In Greek, “planet” is from Latin planeta, planetes, from Ancient Greek πλανήτης (planētēs) variant of πλάνης (planēs, “wanderer, planet”).
When the astronomers of antiquity cast their gaze upon the nights sky above, they noticed certain lights wandering about in eccentric patterns of motion, in contrast to the fixed stars in the background. These lights were thought to be gods wandering about in the heavens and were thus named “planets” and received their respective Greek god names, later translated by the Romans into our modern titles for the planets: Mercury, Venus, Earth, Mars, Saturn, Jupiter (Uranus and Neptune were discovered later).
Have you ever thought about the word creativity? What does it mean to create? What does someone do who is creative?
The word creative comes from L. creatus, pp. of creare “to make, bring forth, produce, beget,” related to crescere “arise, grow” (see crescent). The verb creare means “to create, appoint, cause, set up”.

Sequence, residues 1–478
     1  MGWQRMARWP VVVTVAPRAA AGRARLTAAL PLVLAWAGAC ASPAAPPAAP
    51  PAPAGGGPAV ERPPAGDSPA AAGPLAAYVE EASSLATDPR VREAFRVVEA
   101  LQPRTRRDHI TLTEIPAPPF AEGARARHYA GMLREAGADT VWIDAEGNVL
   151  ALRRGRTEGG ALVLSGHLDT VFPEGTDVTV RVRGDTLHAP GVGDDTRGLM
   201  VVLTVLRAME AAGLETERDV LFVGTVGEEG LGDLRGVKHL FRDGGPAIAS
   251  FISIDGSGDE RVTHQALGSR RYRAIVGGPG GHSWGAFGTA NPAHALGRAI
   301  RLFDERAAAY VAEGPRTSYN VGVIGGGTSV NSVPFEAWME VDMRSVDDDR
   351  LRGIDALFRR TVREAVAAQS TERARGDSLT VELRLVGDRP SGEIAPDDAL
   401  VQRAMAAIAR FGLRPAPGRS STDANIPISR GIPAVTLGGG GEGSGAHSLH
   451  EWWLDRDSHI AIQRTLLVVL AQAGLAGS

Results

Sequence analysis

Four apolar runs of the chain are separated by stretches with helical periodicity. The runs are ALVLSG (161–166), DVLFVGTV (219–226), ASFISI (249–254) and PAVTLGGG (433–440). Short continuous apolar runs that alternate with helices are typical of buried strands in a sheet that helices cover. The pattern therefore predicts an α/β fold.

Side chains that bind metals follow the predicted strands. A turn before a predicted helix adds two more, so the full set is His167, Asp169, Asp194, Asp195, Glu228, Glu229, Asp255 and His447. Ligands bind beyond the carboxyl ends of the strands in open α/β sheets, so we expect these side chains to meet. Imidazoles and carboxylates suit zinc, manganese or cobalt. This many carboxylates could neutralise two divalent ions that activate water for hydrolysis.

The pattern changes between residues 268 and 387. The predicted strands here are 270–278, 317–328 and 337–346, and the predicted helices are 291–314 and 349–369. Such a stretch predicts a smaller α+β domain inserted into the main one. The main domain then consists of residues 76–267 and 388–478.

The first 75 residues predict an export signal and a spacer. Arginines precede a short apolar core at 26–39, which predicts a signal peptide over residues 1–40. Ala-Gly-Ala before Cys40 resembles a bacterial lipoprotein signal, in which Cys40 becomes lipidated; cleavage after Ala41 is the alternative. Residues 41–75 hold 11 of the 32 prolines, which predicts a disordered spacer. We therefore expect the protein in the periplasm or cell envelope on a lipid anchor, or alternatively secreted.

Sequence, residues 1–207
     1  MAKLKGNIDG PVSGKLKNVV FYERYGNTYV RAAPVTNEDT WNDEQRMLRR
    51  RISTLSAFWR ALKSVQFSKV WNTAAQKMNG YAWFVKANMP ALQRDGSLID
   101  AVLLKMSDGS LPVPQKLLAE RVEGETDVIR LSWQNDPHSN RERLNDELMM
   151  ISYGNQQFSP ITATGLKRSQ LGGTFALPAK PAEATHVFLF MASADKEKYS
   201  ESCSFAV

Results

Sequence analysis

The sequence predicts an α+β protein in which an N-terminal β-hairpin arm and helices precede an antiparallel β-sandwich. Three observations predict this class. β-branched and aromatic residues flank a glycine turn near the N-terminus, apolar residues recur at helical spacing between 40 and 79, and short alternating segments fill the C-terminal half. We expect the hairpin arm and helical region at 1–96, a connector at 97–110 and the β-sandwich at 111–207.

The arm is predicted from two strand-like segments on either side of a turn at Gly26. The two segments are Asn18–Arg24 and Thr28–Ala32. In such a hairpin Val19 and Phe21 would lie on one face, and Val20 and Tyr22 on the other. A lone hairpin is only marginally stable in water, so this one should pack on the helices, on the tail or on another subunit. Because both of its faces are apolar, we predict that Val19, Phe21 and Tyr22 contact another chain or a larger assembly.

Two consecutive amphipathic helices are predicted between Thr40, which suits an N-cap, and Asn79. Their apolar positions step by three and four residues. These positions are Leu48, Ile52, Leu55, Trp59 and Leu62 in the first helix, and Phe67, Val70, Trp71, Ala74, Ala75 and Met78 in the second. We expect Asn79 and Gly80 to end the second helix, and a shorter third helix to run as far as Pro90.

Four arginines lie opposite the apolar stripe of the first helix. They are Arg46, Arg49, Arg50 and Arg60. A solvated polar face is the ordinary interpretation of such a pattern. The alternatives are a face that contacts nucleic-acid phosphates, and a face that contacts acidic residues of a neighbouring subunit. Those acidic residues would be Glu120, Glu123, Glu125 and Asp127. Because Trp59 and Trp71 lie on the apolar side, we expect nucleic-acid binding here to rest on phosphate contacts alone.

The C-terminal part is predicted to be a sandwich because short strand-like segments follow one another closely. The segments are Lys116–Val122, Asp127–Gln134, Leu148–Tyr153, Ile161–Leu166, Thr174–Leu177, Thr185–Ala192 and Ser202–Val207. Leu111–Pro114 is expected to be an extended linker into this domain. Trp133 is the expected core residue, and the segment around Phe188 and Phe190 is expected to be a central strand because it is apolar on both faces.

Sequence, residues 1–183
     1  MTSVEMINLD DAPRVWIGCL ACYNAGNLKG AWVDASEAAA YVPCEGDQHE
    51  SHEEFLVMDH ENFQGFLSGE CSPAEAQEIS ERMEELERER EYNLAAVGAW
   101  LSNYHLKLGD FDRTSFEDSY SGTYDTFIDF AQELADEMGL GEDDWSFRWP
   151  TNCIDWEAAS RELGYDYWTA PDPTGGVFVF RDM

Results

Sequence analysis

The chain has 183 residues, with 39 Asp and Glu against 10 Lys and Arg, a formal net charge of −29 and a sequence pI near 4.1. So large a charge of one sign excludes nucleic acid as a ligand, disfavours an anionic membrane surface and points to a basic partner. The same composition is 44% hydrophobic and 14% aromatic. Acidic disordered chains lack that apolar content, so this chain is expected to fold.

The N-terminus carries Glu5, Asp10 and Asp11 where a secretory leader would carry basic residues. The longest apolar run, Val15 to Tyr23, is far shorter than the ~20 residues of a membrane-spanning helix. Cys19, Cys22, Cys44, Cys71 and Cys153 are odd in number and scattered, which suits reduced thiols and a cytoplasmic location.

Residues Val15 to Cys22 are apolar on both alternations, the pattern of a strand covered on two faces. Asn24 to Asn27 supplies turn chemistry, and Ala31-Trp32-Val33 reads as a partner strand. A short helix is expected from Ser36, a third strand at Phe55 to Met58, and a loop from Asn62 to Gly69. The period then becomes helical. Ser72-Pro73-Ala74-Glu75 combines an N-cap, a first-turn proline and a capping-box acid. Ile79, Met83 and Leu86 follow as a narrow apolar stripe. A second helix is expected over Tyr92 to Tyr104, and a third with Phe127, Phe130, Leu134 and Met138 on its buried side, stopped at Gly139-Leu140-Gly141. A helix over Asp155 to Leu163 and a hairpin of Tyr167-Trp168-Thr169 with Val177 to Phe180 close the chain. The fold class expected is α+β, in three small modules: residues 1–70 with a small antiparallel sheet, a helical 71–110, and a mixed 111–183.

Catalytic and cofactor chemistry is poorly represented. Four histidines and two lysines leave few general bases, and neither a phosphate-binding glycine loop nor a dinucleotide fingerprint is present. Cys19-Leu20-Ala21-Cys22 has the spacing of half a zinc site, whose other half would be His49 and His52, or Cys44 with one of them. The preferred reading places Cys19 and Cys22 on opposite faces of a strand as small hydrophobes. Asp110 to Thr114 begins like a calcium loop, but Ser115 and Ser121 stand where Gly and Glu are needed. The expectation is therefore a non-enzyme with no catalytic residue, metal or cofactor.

This is from the present active L. credo meaning “I lend, loan; I commit, consign, entrust to; I trust, confide in, have confidence in; I believe in, trust in, give credence to; I believe.” From Proto-Indo-European *ḱred dʰeh₁- (“to place one’s heart, i.e. to trust, believe”), compound phrase of oblique case form of *ḱḗr (“heart”).
Interestingly, Latin for heart is cor or cordis (think coronary or cordial) which literally referred anatomically to the “heart” and figuratively to the “soul, mind”. The -do in credo comes from the PIE *dʰeh₁- which means “to put, place, set” (whence also Latin faciō). The present active infinitive L. credere means “to believe”.
In this way L. credo means to “do with your heart”.
It would seem that creativity requires that, first and foremost, you must believe.